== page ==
Wrongfully grabbing other players is a much bigger issue, but in my opinion it’s actually way easier to solve. Grabbing shouldn’t be in the game at all. We don’t know how season 2 will be yet, but in season one there are a number of games that involve grabbing. Literally none of them need grabbing except one. That one is Egg Scramble. All the other games that involve grabbing in any way include the tail games, the cooties game, and Fall Mountain. Literally none of those games require grabbing to work. In fact, I’d argue all of them would play better if they were contact based rather than grabbing based because the grabbing is inconsistent, glitchy trash in Fall Guys. I can’t tell you how many times I’ve grabbed the crown first and not gotten credit for it in Fall Mountain. And we’ve all had our tail grabbed from a mile away. The grabbing mechanics don’t work. They can also be used for climbing but, in season 1 at least, not a single game actually requires climbing to reach the finish line. The only game that absolutely requires grabbing to work is Egg Scramble. Now they could just turn off grabbing for all games except Egg Scramble. But honestly I don’t think anyone would mind if they just got rid of it altogether. It’s a terrible game. Really all team games in Fall Guys are terrible and I wish there was a single player events only mode, but that’s a different issue. Removing grabbing would reduce griefing by probably 75% or more and the only consequence would be losing a game that maybe an infinitesimal number of players would actually miss. What I truly want is a proper Fall Guys experience where everyone’s only concern was/is reaching the goal. This is how it was in the beta and it was great.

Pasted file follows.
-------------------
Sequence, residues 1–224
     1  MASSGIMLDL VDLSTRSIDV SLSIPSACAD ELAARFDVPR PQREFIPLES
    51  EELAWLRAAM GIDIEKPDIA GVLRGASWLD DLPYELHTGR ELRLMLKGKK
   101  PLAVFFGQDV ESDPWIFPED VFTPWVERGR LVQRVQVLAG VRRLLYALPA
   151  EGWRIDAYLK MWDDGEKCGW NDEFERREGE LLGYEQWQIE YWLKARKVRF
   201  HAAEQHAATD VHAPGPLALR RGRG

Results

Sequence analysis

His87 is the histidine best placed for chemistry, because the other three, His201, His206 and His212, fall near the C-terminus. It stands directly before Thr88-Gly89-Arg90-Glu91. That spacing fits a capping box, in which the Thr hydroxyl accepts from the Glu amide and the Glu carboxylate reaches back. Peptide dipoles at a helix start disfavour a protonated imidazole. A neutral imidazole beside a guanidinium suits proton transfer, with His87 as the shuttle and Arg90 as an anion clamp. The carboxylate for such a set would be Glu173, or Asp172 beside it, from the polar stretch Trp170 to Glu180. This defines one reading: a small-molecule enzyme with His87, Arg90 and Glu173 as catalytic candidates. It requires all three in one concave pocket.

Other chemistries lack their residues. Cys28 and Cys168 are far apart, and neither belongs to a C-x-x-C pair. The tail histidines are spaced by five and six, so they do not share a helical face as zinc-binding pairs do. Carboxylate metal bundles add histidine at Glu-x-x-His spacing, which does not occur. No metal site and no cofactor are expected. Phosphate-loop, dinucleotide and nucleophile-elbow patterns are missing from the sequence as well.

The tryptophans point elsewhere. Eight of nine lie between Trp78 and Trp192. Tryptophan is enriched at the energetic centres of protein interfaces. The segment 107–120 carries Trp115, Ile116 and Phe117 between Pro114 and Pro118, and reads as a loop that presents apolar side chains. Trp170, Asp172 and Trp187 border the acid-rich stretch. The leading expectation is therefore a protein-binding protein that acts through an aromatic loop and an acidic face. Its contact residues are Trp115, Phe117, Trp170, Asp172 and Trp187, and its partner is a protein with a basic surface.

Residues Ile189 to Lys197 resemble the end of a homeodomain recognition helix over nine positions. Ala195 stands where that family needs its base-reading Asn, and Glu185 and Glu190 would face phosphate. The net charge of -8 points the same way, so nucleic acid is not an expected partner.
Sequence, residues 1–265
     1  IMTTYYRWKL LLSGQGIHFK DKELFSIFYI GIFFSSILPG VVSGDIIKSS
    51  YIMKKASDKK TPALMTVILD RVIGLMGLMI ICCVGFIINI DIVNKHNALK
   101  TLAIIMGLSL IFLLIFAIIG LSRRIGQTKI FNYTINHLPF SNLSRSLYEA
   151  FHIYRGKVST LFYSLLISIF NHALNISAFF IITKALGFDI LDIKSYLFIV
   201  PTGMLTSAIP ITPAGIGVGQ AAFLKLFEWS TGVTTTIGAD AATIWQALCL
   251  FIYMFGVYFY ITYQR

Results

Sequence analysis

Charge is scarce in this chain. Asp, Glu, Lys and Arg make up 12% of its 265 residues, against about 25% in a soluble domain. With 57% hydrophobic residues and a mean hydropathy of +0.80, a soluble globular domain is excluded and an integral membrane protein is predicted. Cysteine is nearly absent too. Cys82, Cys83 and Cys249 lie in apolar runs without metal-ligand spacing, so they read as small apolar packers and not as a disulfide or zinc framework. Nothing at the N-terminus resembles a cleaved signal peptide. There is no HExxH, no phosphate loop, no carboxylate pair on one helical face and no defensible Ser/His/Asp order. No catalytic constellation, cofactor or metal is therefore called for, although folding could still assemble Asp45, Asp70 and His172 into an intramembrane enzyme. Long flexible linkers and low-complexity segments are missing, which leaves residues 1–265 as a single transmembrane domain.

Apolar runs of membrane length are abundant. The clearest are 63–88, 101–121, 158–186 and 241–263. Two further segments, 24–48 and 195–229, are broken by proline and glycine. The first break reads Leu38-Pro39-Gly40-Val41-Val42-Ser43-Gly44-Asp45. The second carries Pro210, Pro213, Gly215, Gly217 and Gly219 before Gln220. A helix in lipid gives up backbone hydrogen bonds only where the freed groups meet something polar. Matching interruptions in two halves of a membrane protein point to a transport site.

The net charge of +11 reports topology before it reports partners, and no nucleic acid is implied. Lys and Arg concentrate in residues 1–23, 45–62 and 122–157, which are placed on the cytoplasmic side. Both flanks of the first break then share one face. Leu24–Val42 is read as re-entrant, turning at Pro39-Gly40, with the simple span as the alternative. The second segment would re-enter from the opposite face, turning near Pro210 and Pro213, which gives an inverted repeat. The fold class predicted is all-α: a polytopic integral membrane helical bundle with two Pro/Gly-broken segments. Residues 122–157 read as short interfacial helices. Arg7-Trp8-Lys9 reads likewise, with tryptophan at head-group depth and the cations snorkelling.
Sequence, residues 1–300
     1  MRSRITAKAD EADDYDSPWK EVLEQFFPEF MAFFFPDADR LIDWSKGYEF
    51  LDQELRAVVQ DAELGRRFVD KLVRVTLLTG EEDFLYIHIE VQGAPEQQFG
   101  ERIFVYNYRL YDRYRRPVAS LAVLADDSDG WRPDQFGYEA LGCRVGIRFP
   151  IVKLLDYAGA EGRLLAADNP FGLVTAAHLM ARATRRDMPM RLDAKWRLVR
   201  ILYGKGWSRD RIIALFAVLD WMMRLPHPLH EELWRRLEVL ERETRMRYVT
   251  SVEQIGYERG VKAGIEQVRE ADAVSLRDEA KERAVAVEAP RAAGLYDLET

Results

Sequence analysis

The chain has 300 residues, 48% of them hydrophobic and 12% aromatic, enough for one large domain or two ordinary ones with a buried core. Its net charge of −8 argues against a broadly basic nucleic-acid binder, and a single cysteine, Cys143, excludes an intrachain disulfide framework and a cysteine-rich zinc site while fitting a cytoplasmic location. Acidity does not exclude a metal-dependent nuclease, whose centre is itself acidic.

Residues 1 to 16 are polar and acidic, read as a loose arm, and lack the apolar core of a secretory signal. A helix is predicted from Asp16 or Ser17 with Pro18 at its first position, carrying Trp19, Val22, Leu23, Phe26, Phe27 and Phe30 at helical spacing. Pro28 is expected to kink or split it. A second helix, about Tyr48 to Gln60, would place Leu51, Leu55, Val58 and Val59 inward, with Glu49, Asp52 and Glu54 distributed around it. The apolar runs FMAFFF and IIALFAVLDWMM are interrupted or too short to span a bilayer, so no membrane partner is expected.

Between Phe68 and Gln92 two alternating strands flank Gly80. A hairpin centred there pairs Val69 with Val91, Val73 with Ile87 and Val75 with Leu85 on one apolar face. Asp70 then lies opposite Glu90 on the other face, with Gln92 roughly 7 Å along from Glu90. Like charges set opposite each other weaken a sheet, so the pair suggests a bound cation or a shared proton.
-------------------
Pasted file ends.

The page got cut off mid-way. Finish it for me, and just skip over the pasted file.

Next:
My other main issue with Fall Guys is motivation. Fall Guys is fun. But you can’t really keep a game running on fun alone in 2020. There are just too many games to play. And let’s be completely honest. Unless you just love something specific about Fall Guys that you can’t get anywhere else, there are objectively better games to play and pretty much everyone has a backlog as well. The only reason to keep playing any game, Fall Guys or other, is some sort of motivation which goes past fun. I don’t really know what that is for Fall Guys in its current form. It has trophies but most people will never get them all because one of them is nearly impossible for more than 95% of players. No matter how good you are, the amount of luck you need to win five rounds in a row is just too high. A team game can screw you over and then all your progress is lost. I think it’s a bad trophy to begin with. It should have been combined with the total wins trophy so that either win x number of times total or winning five shows in a row got the trophy. That’s considerably more accessible and fair to demand from players. So assume you get all the trophies you want and then what’s your motivation? You can get every trophy in a single season. I have all the ones I care about except the 20 wins one. But that comes back to the same issue. Winning is difficult and not accessible to every player. Some players just never will be winners. I’ve only won six times and I’m a fairly advanced player. I get to the final round more than 80% of the time. But a bad placement in Fall Mountain or a bad camera angle in Jump Showdown, not to mention server errors and glitches, can screw you over again and again. But even without those issues, some players will just never get good enough to win in a competitive game of this nature. And that’s fine. What’s not fine is locking cosmetic items behind multiple wins.